Understanding data is becoming increasingly important for us all. This is especially true for the intelligence analyst working for a police intelligence unit or business analytics department.
The work boundaries of the traditional police intelligence analyst and digital forensic investigator are becoming blurred – today’s analysts need to be cyber aware, understanding how communication records and web search histories can be extracted and analysed.
This course covers these areas as well as theories that provide a better sense of the causes of crime and the prevention measures that can be put in place to stabilise and reverse these trends. Analysts shouldn’t be phased by data simply because of its size, complexity or format. This course provides you with the skills to work effectively with large datasets, allowing you to make more informed decisions in relation to criminal investigations. Key features include writing code to quickly clean up data and packaging it so it’s suitable for analysis and visualisation. You will discover that the world constantly presents data in data frames or spreadsheets – our daily activities are invariably logged by a time, date, geolocation. You develop these skills along with your confidence in applying them to make more sense of the data – analysing Twitter downloads, searched words and images, geolocation points or big data. This course also explores strategies employed in forensic investigation. It gives you the space and opportunity to develop your own area of interest in a 60-credit research project where your supervisor enables you to maximise your skillsets from academic writing to data analytics.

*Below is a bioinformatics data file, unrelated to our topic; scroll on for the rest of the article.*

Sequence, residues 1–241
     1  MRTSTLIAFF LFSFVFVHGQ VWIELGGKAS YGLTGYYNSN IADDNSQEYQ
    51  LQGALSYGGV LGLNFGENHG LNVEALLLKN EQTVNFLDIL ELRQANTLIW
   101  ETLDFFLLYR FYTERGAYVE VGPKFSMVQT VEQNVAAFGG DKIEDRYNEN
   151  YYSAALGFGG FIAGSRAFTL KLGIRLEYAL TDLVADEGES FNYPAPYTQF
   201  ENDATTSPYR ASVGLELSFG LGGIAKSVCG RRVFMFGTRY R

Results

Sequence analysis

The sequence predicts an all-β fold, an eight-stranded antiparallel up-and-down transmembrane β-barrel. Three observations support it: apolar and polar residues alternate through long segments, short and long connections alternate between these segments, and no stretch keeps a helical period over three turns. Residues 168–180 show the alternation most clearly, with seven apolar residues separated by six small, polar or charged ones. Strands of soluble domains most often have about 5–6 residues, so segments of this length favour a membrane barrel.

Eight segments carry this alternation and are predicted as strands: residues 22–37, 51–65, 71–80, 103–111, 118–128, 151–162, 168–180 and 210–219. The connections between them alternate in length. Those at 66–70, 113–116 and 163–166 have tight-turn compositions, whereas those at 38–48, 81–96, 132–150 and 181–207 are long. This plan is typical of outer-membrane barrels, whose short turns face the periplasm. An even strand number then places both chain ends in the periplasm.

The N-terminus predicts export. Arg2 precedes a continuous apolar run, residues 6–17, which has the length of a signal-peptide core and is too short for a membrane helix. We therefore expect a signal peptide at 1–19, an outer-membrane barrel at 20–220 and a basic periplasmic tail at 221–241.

What you study
For the PgDip award you must successfully complete 120 credits of taught modules. For the MSc award you must successfully complete 120 credits of taught modules and a 60-credit master's research project.
PgDip and MSc core modules
Modules offered may vary.
How you learn
You learn through a range of lectures, seminars, tutorials and IT laboratories using a variety of software. Simulated problems and scenarios are posed in much the same way that analysts would face in the real world. You can expect to use software that is found in real-world intelligence analysis/digital forensic units and data science. An element of the learning is through peer engagement, learning from others to achieve solutions. Much of the software you use in class can be downloaded for home use.
How you are assessed
You are assessed in formal examination settings as well as through structured coursework.
You could expect to apply for intelligence researcher and intelligence analyst roles in a wide variety of career opportunities ranging from security, policing and business.